The Christmas Bureau opens this morning for the last three days of the season. Some volunteers spent time late last week buying more toys because the stock was getting low for a few age groups.
When the bureau opens today, there will be Star Wars: Attack of the Clones chess sets, Teenage Mutant Ninja Turtles scoot boards, makeup kits for teen girls, and doll buggies assembled by volunteers on Friday afternoon.
The bureau continues to be flush with children’s books, thanks to the generosity of Marilee Roloff, director of Volunteers of America. She gets thousands of books donated by Scholastic Books and distributes them to needy children throughout the year. But she saves enough books for the Christmas Bureau so each of the 17,000 or so children served by the charity gets a book for Christmas.
This year, many of the volunteers at the children’s book tables are retired teachers with plenty of experience in guiding children to age-appropriate books.
Laura Borhauer, who retired from teaching at Audubon and Arlington elementary schools, spent an afternoon last week helping parents pick out books from the thousands on the tables.
She said the Clifford books are especially popular. Clifford is a big red dog that has all kinds of adventures. Borhauer said animal picture books and the Junie B. Jones series also are well-liked.
“We’re always short of baby books because Scholastic is an educational company for school-age children,” said Donna Roloff, Marilee Roloff’s mother and a longtime volunteer at the bureau. “We do have books that parents can read to their babies.”
“We also have quite a few social studies and science books. And there are chapter books for children in third grade and above,” Donna Roloff said.
Volunteer Mary Daugharty spent Friday helping parents of older children select books. She, too, is a retired schoolteacher, and this is the first year at the bureau for her and her husband, Dave, a math professor retired from Eastern Washington University. “He worked the book table yesterday when we had some math books; today he’s bagging up the toys,” said Daugharty.
Mary Daugharty signed up for three shifts this year. “Next year, I am working every shift; I really like this,” she said.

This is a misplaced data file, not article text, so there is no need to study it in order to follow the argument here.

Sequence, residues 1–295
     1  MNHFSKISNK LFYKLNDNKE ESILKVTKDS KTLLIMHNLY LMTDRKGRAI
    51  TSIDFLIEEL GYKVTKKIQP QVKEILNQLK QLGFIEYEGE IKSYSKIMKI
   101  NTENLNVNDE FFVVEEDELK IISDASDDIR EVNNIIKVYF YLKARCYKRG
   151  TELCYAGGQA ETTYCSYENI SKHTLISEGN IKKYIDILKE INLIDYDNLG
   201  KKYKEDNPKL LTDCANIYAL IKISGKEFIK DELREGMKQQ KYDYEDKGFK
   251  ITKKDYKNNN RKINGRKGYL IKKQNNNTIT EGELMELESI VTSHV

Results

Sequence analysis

The bureau, which distributes the fixings for Christmas to needy area families, will close for the year on Wednesday at 6:30 p.m. But the Christmas Fund, which pays the bills for the food vouchers and toys distributed at the bureau, continues to need donations if it is to meet its goal of $485,000.
Donations of $14,240 brought the Christmas Fund to $276,047.75 Sunday. Donations of any amount are welcome.
Following are donors to the daily tally and their donations:
Mark Walker, president of Walker’s Furniture, of Spokane, sent $3,000 and a note: “As my children have grown up to be adults, I remember the Christmases past and the special moments I had with my family. This year my prayer is for each and every family to have a Christmas memory they can cherish. Let’s all come together this holiday season and give those families in our community who need an extra helping hand a special Christmas. This holiday season, let’s enter into the true meaning of the season. Let’s join together and spread the joy and hope of Christmas.”
Teck Cominco American Inc., of Spokane, gave $2,000. “We thank you for providing the opportunity to help those in need at this time of year,” wrote Bruce DiLuzio, vice president for law and administration.
An anonymous donor brought $2,000 to the newspaper.
Seven 2, of Spokane, and its employees donated $1,010 through employee donations and matching funds.
Dentists Creigh House and James Mengert and their staff – Jane, Serena, Sandy, Angela, Melissa, Judy, Michelle, Ronda, Linda, Annie, Pat, Kay, Vosanne and Kay – donated $1,000.
Jim and Salli Sledge, of Spokane, gave $500, as did David and Susan Hamer, of Spokane; BPS Supply Co. Inc., of Spokane, and its employees; Ryan Baddeley, of Liberty Lake; and an anonymous donor, also of Liberty Lake.
An anonymous donor, of Greenacres, donated $400 in memory of Elizabeth Higgins.
Richard and Jacqueline Manfred, of Spokane Valley, gave $300.
Bob Frank Homes Inc., of Spokane, donated $150.
Russell and Peggy Wiggs, of Spokane; Janey Wiggs and Robert D’Amato, of Lexington, Mass.; Brian and Nancy Quint, of Bellevue, Wash.; and Mychele Lindvall and Carl Le Boa, of Seattle, gave a combined donation of $150.
Robert and Maureen O’Brien, of Spokane, gave $125.
Marilyn McGee, of Spokane, sent $100, as did Robert and Marilyn Salsbury, of Spokane Valley; Creta and Don Kunz, Nancy Mahoney and Gary Matthews, Clara and Jack Shimek, Virgil and Madelyn Dedas, the Spokane Sunrise East Lions and two anonymous donors, all of Spokane.
Susan and Tracy Anderson, of Greenacres, gave $100 in honor of their grandparents, Ray and Rozella Mahoney.
Joe and Carolyn Schauble, of Spokane, gave $100 in memory of Carl and Edna Magee and Robert and Mary Schauble.
Lorraine Cannon, associate broker of Richardson Homes, of Spokane, donated $100 in the name of her loyal customers and clients.
St. Andrews Guild, of Spokane, donated $75.
Bob and Judy Lee, of Spokane, gave $50 in memory of Catherine Lee.
The Sacred Heart Medical Center 7 South 3-11 shift donated $50, as did an anonymous donor, of Spokane.
Alan Stacey, of Spokane, gave $50. “We have so much to be thankful for this year, and we have tried to share our good fortune with others. But there is still a greater need. People need to get involved, even if it means writing a check. I like the fact all the money collected stays local and helps our community,” wrote Stacey.
An anonymous donor, of Spokane, gave $35 in memory of Jean Morin.
Kathey Johnston donated $30.
Norm and Gail Kopp, of Mica, Wash., gave $25 in memory of their sister, Donna Harris.
Patrick and Laurie Ferrell, of Mead, donated $25.
Dorothy Capes, of Cheney, gave $15.
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